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Other Science Fiction
George Lucas has often said that his original idea for the project that evolved into Star Wars was to remake the Flash Gordon movie serials from the 1930s (a "serial" is a movie shown in weekly installments of about 10-20 minutes each). The license wasn't available, so Lucas moved on to other ideas, beginning with Akira Kurosawa's film The Hidden Fortress and then Joseph Campbell's Hero With a Thousand Faces. Despite the plot changes the Star Wars films are still bursting with influences from the Flash Gordon movie serials, including the Rebels vs. the Imperial Forces, Cloud City, the "soft wipes" between scenes, the underwater city with a manta ray-shaped sub and even the famous "roll up" which begins the movie:
LEFT: Flash Gordon-style title crawl.
RIGHT: Star Wars-style title crawl.
Flash Gordon borrowed images and ideas from world's first science fiction comicstrip, Buck Rogers (launched in 1929). They both featured very similar spaceships, laser pistols, costume styles, gadgets, hairstyles, creatures, etc. Raymond's strip probably captured the public's imagination more strongly because it had better art, better storytelling and was the first to reach the theaters, but most of the Flash Gordon science fiction "vocabulary" came from Buck Rogers. Universal Studios made a good profit with Flash Gordon, so when the series ended they wanted to follow immediately with another science fiction serial. The obvious solution was to make a serial based on Buck Rogers, and the obvious actor to play him was the same actor who had been so popular as Flash Gordon, Larry "Buster" Crabbe. This repeated cross-borrowing blurred the two characters together so much they practically became the same character.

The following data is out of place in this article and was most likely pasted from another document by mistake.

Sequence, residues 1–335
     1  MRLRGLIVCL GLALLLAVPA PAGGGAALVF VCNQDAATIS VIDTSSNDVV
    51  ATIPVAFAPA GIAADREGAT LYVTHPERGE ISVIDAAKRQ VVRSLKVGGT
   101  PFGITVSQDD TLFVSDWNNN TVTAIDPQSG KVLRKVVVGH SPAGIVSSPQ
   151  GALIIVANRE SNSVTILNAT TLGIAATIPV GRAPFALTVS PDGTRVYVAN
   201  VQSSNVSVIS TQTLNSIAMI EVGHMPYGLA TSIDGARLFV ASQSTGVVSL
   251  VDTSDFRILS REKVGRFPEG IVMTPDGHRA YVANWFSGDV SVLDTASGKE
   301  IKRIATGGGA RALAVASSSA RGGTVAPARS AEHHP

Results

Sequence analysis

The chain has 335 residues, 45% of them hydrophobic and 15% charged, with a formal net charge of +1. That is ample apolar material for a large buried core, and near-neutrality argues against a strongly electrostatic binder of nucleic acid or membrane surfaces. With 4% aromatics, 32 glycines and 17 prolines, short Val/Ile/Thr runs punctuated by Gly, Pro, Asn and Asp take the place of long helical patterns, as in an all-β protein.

Illustration courtesy of Justine Shaw, ©1999.
Buck Rogers first appeared in a novella called Armageddon-2419 A.D. by Philip Francis Nowlan, from in the August 1928 issue of Amazing Stories magazine. It was John Flint Dille, president of the National Newspaper Service syndicate, who had the inspiration to make the first science fiction comic strip. He hired Nowlan to write scripts based on his Buck Rogers novel, and artist Richard Calkins to illustrate them. The spaceships and most gadgets in the Buck Rogers strip were strongly influenced by the paintings of Frank Paul, house illustrator for Amazing Stories Magazine from 1926 through 1929. Pauls' vision was most responsible for creating the public perception of what a spaceship would look like from 1926-1966: a brightly-colored cross between a rocket and a submarine. In 1946 the world was offered the first widely-accepted alternative spaceship design, the "flying saucer," but Paul's image remained dominant until Star Trek's Enterprise shook up the rules in 1966.